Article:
A. Nonstationary signal
B. Local field potential signal
Next, we applied SSD to simulated local field potentials (LFPs), which represent the relatively slow varying temporal components of the neural signal, picked up from within a few hundreds of microns of a recording electrode. Brain waves can be separated into separate characteristic frequency bands called alpha [8–12 Hz], beta [13–30 Hz], gamma [30–90 Hz], and theta [4–7 Hz] bands, corresponding to the frequency range in which their dominant frequency lies.^{1} We simulated these LFPs by superimposing four components, each in every aforementioned band.^{24} Because the alpha and theta components have overlapping frequency contents, we grouped them together as SSD cannot distinguish them. In Fig. 4, we show that SSD is capable of unentangling the superimposed signal into its characteristic components within reasonable accuracy bounds. The corresponding errors are graphed in Fig. 6 for all SSD variations.
C. Gravitational wave event GW150914
Black holes and gravitational waves are characteristic predictions of general relativity, and are therefore favorable probes of the theory. The waveforms of such gravitational waves are constrained by the underlying mechanisms, such as their generation and propagation. The analysis of such waves is crucial to the understanding of relativistic gravitational physics and may provide useful insights into black hole physics, the structure of neutron stars, supernovae and the cosmic gravitational wave background. Gravitational wave analysis will likely become classically intractable in the age of Big Data and third generation detectors such as the Einstein Telescope,^{25} and can greatly benefit from quantum data analysis algorithms. We applied SSD to gravitational wave analysis since it serves as an interesting addition to the classical gravitational wave data analysis pipeline. Not only is it capable of providing waveforms with a more crisp quality, it is also able to filter out glitches, lowering the risk of a wrong signaltonoise ratio (SNR) threshold exceedance.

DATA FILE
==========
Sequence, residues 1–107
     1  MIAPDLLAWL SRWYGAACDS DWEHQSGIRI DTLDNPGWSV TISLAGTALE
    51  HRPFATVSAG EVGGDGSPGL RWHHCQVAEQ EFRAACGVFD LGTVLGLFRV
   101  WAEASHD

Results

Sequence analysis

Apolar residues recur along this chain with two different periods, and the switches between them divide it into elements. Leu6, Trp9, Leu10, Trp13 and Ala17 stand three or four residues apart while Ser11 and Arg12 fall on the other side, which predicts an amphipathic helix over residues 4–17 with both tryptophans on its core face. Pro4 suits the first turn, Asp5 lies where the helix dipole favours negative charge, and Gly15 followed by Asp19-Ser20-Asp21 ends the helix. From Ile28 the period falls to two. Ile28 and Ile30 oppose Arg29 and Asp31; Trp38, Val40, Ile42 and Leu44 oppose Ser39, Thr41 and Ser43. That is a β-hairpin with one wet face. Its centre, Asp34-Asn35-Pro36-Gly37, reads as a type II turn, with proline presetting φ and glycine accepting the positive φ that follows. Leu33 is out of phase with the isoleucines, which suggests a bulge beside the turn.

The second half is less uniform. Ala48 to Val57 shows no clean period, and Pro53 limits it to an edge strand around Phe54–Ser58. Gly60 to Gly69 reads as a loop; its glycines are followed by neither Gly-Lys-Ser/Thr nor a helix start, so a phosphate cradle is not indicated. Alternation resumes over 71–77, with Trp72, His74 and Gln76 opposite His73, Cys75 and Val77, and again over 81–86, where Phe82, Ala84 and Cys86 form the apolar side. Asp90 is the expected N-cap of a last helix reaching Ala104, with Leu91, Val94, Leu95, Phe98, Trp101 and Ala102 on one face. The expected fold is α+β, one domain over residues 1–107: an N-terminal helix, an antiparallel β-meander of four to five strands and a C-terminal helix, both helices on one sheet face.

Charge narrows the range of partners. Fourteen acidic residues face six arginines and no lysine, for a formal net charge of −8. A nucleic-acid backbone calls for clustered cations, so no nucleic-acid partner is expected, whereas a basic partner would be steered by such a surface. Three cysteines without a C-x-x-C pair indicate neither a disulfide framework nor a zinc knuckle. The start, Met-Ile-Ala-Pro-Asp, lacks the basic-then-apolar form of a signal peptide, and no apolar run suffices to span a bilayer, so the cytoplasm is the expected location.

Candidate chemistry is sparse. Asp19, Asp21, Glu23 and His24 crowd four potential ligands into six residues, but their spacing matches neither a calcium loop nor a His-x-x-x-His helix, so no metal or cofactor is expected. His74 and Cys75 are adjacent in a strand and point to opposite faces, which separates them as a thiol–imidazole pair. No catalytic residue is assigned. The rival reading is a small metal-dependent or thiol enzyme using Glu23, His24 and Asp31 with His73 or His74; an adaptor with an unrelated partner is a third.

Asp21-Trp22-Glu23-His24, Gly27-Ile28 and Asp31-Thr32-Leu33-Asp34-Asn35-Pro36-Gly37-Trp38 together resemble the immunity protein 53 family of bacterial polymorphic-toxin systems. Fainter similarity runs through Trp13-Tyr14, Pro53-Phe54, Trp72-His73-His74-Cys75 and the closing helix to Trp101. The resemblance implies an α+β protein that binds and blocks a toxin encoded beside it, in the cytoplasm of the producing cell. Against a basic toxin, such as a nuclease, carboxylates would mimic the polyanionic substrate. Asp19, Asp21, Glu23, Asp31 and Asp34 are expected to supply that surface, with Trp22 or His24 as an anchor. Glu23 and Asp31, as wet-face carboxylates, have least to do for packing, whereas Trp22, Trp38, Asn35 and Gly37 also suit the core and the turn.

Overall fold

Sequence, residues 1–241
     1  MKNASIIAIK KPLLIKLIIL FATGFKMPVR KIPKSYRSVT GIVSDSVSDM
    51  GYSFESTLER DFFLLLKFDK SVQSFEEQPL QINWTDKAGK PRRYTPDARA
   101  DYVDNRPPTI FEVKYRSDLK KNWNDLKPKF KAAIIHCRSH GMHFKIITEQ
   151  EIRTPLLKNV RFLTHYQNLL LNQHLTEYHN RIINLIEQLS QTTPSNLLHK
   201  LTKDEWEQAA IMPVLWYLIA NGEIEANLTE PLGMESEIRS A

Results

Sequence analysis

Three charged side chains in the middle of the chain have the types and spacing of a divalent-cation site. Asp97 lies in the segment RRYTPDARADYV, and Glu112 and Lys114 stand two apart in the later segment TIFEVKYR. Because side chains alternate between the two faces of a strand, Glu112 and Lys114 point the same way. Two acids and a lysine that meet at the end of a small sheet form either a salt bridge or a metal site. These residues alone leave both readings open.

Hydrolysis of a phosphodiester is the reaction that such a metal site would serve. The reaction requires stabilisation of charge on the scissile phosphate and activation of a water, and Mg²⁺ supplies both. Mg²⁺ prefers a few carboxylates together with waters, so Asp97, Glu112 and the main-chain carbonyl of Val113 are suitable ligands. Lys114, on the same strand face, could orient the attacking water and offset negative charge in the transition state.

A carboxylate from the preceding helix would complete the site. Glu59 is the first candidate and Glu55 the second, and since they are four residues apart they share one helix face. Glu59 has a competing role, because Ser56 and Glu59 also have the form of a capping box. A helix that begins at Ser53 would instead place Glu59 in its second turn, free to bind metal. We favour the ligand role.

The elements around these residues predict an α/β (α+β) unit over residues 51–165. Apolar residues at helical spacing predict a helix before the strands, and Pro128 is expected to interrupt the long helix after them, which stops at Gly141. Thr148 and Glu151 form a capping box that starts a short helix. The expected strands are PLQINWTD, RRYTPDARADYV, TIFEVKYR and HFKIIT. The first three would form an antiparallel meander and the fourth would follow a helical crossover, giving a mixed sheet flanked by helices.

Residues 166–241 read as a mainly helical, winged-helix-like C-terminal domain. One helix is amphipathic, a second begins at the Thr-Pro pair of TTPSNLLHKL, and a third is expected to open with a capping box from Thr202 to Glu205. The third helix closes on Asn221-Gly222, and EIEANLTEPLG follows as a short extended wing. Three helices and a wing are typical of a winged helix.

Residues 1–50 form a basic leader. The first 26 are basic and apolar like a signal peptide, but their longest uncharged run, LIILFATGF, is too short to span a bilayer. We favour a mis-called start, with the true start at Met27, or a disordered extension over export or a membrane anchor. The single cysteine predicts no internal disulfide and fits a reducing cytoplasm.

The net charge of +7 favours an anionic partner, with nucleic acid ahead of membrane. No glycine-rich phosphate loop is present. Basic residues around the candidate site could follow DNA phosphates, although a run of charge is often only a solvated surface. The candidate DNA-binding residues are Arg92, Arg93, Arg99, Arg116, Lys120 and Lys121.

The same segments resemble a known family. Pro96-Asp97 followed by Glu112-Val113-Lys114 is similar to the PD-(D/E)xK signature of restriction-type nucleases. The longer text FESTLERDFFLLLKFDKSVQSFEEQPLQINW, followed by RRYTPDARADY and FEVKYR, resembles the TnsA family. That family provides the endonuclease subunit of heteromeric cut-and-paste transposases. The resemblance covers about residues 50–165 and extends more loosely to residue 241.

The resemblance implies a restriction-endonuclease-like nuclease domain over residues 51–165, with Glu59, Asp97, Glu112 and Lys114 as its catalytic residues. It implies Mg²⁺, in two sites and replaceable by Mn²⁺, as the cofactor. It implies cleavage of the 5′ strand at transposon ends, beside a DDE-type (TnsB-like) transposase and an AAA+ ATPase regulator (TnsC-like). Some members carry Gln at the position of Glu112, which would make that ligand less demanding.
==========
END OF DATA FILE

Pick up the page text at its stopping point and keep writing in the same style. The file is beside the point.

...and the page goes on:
To showcase the applicability of SSD, we applied it to the first measured gravitational wave event GW150914, eminent from a black hole binary merger, consistent of a pair of black holes with inferred source masses $ M 1 = 29.1 \u2212 4.4 + 3.7 M \u2299$ and $ M 2 = 36.2 \u2212 3.8 + 5.2 M \u2299$.^{26,27} We have taken the raw data as measured by the LIGO Hanford detector around the merger time, after which we applied noise whitening, bandpassing and notching to obtain an approximate gravitational waveform.^{28} Through SSD, we hope to separate the relevant information about the binary merger from any other unwanted component or noise, thus obtaining a subset of SSD components that can provide a more crisp waveform. The results of SSD filtering are presented in Fig. 5, as well as their respective time–frequency spectrograms. Since we are analyzing a real signal rather than a simulated one, we cannot fairly compare the quality of a components to any original benchmark, because we do not know a priori what the true gravitational wave signal should look like, given the right physical parameters. For this reason, we can only provide a figure of merit of the QSSD components with respect to the classical SSD components. The errors are given in Fig. 6, where the comparison with classical SSD is missing for GW150914 because of the aforementioned argument.
VI. CONCLUSION AND DISCUSSION
In this work, we have established a unified framework that combines the promising method of singular spectrum decomposition for classical time series analysis with the variational quantum singular value decomposition algorithm into quantum singular spectrum decomposition (QSSD). In the NISQ era, variational algorithms are favorable over other types, because the quantum constituent is more robust against errors. The singular value decomposition subroutine is designed to be performed on quantum hardware, while the retrieval of the SSD components is done classically. Using analytical gradient optimizers, we circumvent finite difference errors, and we guarantee optimization at every iteration. SSD enhances protection against errors accumulating in the quantum algorithm. QSSD could find interesting applications to nearterm gravitational wave analysis because of the variational formulation. Here, we demonstrated this algorithm for providing a more crisp waveform for matched filtering.
In contrast to the classical algorithm, the quantum formulation does not have efficient access to all matrix elements of U and V. Unpacking the dense trajectory matrix into its unitary basis elements and reading out all the columns of U and V are two processes that require the performance of an exponential number of quantum circuit runs, in the number of qubits. An efficient quantum algorithm would rely on sampling few parameters that are readily measured on a quantum device. To mitigate the effects of the exponential scaling laws, we have adopted randomized SVD. While rendering QSSD more economic, the same trick can be applied to the classical algorithm, providing no inherent quantum speedup. An efficient rendition of SSD would circumvent measuring $  u i \u27e9$ and $  v i \u27e9$, and instead use a different pipeline to read out SSD components. For further research, we pose the question whether this is possible within this variational framework.